Long-time Microsoft watchers like me are marveling at the company’s transformation. Slowly but surely, the siloed behemoth that once couldn’t get its desktop and mobile operating system teams to talk to each other is now starting to glide forward as one vast entity. The most visible refection of this sea change: design.
It’s no secret that, across Microsoft’s products, especially in software, there is now a single design language defined by reductionism, typography and unadorned shapes and colors. The look is called Metro, but if you think it only explains the look and feel of Windows 8, Windows Phone, Zune Marketplace and Xbox Live, you’d be wrong. As Microsoft designers explained during a recent and rather intimate panel discussion in Soho, Metro is a design philosophy with five core tenants that they say help drive product design and delivery throughout the Redmond, Washington company.
This is not the Microsoft I know and I asked the group to explain the moment when Microsoft woke up and realized it was heading down the wrong path. Naturally, they all said there was no moment. Panelists variously described the changes as a “grass roots movement” among designers across different divisions and as a gradual realization that they “wanted to be better.”
There were little epiphanies, though, that may have led to the big changes we see at work today in Microsoft. Rochelle Benavides, Sr. Experience Development Lead for Zune and Xbox, for instance, said that in the Zune design they realized “Typography is the new iconography.” The design impulse has now carried through to virtually all of Microsoft’s latest consumer interfaces.
Sam Moreau, Principal Director of User Experience for Windows, also pointed out a couple of key influences, which included subway sign symbols and the Swiss wayfinder symbols.
Stuart Ashmun, General Manager, Interactive Entertainment Business, who joined Microsoft back in 1984 as an industrial designer, told us that changes within Microsoft are a reflection of changes in the way consumers interact with technology. “We’re moving away from the need for us to learn a device and to the device needing to learn us.”
Microsoft’s Metro design philosophy is, the designers said, in evidence in hardware like the new Windows Phone. It reflects what Moreau called “affordance,” which is design speak for the innate qualities of an object allowing you to perform the implied action. You might also describe it as “form follows function.”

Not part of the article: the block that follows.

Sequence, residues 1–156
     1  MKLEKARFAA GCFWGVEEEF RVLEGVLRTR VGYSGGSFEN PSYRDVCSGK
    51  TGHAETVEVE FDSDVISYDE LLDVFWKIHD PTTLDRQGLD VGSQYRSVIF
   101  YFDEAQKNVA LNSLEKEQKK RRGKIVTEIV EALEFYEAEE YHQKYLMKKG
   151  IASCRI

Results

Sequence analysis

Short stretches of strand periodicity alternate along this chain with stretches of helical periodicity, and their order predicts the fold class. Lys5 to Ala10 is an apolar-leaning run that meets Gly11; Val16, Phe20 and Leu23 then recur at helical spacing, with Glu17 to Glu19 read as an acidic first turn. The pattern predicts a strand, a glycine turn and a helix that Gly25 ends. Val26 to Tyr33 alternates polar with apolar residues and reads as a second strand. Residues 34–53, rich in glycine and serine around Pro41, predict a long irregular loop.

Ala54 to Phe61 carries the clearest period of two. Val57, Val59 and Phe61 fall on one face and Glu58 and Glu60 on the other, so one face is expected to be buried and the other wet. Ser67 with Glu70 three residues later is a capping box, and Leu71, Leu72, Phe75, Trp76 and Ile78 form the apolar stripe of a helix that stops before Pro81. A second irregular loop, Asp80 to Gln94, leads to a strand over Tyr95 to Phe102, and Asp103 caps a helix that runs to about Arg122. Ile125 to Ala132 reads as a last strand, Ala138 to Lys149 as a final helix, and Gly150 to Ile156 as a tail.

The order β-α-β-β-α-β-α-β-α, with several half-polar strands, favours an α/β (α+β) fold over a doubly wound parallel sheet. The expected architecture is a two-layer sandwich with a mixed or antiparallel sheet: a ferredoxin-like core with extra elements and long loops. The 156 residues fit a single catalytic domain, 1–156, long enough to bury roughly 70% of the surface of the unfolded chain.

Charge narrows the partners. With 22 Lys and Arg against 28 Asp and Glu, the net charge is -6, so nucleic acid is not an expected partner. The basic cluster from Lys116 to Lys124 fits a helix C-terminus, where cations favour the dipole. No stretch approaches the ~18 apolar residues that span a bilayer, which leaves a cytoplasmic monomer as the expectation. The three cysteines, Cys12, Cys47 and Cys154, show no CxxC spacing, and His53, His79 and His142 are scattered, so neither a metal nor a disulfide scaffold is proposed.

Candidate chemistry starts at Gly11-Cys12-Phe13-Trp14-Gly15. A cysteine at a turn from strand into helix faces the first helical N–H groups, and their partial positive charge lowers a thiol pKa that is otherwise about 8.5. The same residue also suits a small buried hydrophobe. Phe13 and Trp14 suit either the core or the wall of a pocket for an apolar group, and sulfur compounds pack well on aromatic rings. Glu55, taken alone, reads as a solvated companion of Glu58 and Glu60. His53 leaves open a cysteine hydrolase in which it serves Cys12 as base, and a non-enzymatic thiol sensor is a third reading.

Not About Apple
The designers insisted that their big conversion was not influenced by Apple, a company that has had consistent ecosystem design language for more than a decade. On the other hand, they all made a number of veiled, somewhat negative, references to Apple’s design style. Jeff Fong, who has been with Microsoft for 15 years and works on the Windows Phone design team explained one of the Metro design principles: Authentically Digital. It might seem an odd one since everything Microsoft does is more or less digital.
“It’s all about honesty,” Fong told panel moderator and Next at Microsoft editor Steve Clayton. Fong said that with Windows Phone the goal was to get people to tasks quickly and to present content as plainly as possible. So they steered away from what he sees as a growing trend: “Taking your icons and taking things you have on screen and giving them glassy reflections, drop shadows, transparency… I think we can do a better job…in a more direct way.”
That authenticity also means Microsoft won’t use faux material, like wood grain. Microsoft is not about to start building products out of only titanium or gold, though. As Young Kim, Senior User Experience Designer, Microsoft Hardware Group, explained it, good design can come out of any material, “Using plastic and making it the most beautiful plastic possible.”
All of the designers talked about how intense collaboration, not just with other designers, but with engineers and developers, is leading to a new pride in craftsmanship. “What’s different now,” said Benavides, who apparently obsessed over the speed with which the Xbox dashboard moved when you waved your hand at the Kinect interface, is that “these aren’t the details that fall off and reach the customers. We care about it so much.”
While none of the designers could tell me the moment Microsoft changed, they did admit that it was not an entirely bottom-up conversion. Moreau told me they did have buy-in from management.
As for where the original design for Metro on the Windows Phone came from — likely the design that started all this — Fong came closest to taking credit “Yes, I was there to help kind of guide the direction for how the UI was gonna get implemented… but those things that guide and direct came from lots of other people and designers.” The designers all laughed when I insisted that there’s a whiteboard somewhere with the original Metro design.
If you want to know all of Microsoft’s new Metro Design Principals, check out the slideshow and then let us know what you think about Metro design and the philosophy in the comments.
*story by Lance Ulanoff from Mashable